Monday, December 23, 2013

"Prime Evil" Review

Salutations, Scooby supporters and strap yourselves in for another sensational synopsis of the Buffyverse books!

Having already covered two of their novels, I thought I’d take a break from the titanic team of Christopher Golden and Nancy Holder and focus on other writers who’ve scripted Sunnydale stories. Thus, for my third review I’m thrilled to tackle a new author— here’s Diana G. Gallagher’s “Prime Evil!”

Released in March 2002, “Prime Evil” is the author’s second Buffy novel and takes place during Season Three of the show, sometime between the episodes “Dopplegangland” and “Earshot.”  

From the moment she arrives at Sunnydale High, Crystal Gordon, the gorgeous yet grim new history teacher, gives Buffy the wiggins due to her seemingly supernatural sway over the students. Buffy’s suspicions soon prove sound when she and Giles uncover Crystal’s true identity— that of Shugra, an ancient primal witch intent on harnessing the Hellmouth’s mystical energy. As part of her plan, Crystal has been creating a coven of thirteen magic users for a moonlit ritual, chief among them Willow. The Scoobies must save their friend, stop the ceremony and subdue Shugra’s immortal spirit in a shocking supernatural showdown.

Gallagher has a decent handle on the Buffyverse material — the cast, which besides the core Scoobies includes Oz, Angel and Cordelia, are all portrayed in a convincing manner. The author also gives several supporting players more prominent roles— mild-mannered matriarch Joyce factors into the finale, and weird warlock Michael and awkward Anya both shine as Crystal’s suckered school recruits… although considering how often authority figures have harmed students, I’m surprised the kids of Sunnydale trust any of their teachers.

*sings* "We don't need no education..."

Normally in these reviews this is where I’d discuss the dialogue, but in this case nothing here grabbed my attention— the speech is a bit exposition-heavy and lacks the Whedon wit, but it gets the job done. The best way to describe it is Joss-lite: it’s serviceable but doesn’t stand out.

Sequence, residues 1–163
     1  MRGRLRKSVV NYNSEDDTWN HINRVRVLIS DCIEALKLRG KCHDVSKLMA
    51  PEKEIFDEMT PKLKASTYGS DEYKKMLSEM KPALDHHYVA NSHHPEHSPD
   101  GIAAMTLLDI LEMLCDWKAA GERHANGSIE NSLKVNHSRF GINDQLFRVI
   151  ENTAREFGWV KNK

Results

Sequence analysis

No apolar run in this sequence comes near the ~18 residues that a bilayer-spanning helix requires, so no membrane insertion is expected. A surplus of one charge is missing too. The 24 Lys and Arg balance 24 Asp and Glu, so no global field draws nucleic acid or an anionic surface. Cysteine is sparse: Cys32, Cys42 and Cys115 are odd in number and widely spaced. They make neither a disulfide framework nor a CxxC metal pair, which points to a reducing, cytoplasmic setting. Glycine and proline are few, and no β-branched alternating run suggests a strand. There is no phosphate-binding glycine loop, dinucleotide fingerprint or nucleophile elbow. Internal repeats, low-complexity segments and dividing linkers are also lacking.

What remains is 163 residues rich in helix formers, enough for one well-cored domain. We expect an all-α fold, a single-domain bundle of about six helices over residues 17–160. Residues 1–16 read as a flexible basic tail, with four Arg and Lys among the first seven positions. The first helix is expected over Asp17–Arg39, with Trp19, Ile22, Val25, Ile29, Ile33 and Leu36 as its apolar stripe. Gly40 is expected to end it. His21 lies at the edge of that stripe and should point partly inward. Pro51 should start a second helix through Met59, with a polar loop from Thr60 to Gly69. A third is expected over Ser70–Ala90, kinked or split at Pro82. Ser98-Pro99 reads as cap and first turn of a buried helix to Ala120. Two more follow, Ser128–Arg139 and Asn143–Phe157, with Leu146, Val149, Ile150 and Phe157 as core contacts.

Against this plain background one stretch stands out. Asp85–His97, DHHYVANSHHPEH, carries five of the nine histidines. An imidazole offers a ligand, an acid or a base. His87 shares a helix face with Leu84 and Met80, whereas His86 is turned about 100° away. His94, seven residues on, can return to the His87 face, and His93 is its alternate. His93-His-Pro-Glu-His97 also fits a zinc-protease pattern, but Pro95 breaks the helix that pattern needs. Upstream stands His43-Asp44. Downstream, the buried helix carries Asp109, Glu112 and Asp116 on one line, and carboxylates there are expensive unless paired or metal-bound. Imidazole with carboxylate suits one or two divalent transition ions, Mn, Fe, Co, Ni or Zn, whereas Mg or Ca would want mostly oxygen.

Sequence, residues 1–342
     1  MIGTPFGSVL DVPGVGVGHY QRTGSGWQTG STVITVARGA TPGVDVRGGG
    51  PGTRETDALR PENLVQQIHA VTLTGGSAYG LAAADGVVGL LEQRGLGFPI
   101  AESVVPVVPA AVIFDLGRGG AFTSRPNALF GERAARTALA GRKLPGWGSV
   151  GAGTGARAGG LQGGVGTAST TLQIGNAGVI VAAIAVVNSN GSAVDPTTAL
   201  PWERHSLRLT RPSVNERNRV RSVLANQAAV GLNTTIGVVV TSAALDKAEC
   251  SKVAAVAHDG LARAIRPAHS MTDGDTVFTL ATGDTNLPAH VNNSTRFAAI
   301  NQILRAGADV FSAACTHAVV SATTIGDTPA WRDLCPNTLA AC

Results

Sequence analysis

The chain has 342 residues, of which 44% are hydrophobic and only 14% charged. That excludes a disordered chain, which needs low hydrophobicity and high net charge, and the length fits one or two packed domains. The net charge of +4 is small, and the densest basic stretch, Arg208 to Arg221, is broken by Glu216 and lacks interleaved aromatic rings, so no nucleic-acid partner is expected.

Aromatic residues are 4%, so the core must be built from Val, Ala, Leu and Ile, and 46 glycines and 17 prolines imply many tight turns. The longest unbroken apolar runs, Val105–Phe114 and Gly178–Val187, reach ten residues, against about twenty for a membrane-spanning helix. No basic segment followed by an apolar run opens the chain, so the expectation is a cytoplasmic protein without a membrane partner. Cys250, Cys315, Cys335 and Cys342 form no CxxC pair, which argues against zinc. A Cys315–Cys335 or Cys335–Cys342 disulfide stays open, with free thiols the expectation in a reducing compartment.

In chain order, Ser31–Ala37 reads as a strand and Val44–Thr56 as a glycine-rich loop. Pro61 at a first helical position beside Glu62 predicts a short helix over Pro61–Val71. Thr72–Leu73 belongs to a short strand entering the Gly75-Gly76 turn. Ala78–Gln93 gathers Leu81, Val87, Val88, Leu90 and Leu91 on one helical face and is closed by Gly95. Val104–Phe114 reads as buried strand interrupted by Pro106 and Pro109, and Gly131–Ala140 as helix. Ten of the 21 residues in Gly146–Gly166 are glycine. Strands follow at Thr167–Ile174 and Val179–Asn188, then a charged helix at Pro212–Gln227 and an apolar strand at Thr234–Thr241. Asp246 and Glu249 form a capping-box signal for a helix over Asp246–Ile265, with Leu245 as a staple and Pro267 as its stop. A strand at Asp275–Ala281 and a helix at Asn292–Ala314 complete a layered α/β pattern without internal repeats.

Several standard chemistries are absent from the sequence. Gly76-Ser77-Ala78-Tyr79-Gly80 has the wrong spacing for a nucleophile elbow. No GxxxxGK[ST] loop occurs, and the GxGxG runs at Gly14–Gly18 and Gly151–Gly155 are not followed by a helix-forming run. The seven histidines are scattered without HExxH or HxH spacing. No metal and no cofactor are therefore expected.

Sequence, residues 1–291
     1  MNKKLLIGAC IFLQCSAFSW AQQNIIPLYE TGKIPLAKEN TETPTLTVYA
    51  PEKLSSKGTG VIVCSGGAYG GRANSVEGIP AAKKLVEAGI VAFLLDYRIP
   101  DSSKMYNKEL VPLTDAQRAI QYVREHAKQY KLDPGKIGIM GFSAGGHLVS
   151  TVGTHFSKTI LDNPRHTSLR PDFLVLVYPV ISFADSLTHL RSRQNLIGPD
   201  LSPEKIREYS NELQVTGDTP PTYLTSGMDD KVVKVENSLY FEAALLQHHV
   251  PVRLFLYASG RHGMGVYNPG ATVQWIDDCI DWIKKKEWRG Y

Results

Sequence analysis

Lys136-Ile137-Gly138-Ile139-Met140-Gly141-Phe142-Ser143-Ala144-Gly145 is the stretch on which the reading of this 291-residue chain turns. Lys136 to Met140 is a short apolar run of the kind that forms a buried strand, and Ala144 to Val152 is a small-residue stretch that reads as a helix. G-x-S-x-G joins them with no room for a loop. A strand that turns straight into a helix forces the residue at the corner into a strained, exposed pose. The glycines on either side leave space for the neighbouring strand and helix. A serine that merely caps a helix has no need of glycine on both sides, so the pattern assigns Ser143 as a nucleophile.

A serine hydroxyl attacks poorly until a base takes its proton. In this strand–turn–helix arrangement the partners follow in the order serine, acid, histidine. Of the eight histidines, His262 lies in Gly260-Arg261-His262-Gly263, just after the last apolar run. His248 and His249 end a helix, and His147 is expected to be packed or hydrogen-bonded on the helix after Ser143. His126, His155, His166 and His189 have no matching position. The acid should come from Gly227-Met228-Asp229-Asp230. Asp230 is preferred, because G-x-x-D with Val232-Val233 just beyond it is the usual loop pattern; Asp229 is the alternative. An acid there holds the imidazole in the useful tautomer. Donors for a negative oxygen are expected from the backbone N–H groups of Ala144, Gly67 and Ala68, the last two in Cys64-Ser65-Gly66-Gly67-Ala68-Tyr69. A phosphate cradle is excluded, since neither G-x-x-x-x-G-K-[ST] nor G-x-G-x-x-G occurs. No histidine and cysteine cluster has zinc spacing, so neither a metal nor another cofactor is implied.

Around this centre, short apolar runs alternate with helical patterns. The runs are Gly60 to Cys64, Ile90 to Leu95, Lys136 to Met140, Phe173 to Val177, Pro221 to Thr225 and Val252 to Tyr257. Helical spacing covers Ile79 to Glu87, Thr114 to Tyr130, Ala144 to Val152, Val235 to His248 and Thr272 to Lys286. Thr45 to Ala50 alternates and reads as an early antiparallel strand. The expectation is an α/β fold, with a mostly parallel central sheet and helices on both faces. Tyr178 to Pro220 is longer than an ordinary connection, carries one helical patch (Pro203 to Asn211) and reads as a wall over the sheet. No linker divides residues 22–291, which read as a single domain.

Unlike her lackluster language, Gallagher’s greatest strength is her descriptive writing— she excels at crafting compelling atmospheric scenes and painting detailed visual pictures, particularly with the more violent moments:

[The] man’s body jerked and… flailed within an erratic, shifting web of crimson electrical energy. Tendrils of red lashed outward, cracking the pavement and whipping… [up] violent bursts of wind. An acrid, burning stench assaulted Buffy’s nostrils as waves of charged air rolled over her… with the force of billions of heated molecules gone berserk.

Another great contribution Gallagher makes is the idea of a Slayer database, a computer index chronicling all Watcher records. Given the importance technology and research plays within in the Whedonverse, I’m surprised no one thought of this clever concept for the series, Giles’ technophobia aside.

Despite these positive elements, “Prime Evil” suffers from a fatally flawed villain, perfectly described by the term “Big Bad”— discounting the fact that the publishers couldn’t even get her NAME right on the back cover, Crystal Gordon is an overblown, incoherent mess.

Someone's DEFINITELY getting fired for this...

The main issue is that her character is confounded by a muddled mythology.

Crystal/Shugra’s abilities are the result of a lightning bolt that struck her as a child, binding her essence to “The Source,” the vast, ambiguous wellspring for all magic that flows throughout the universe and living beings.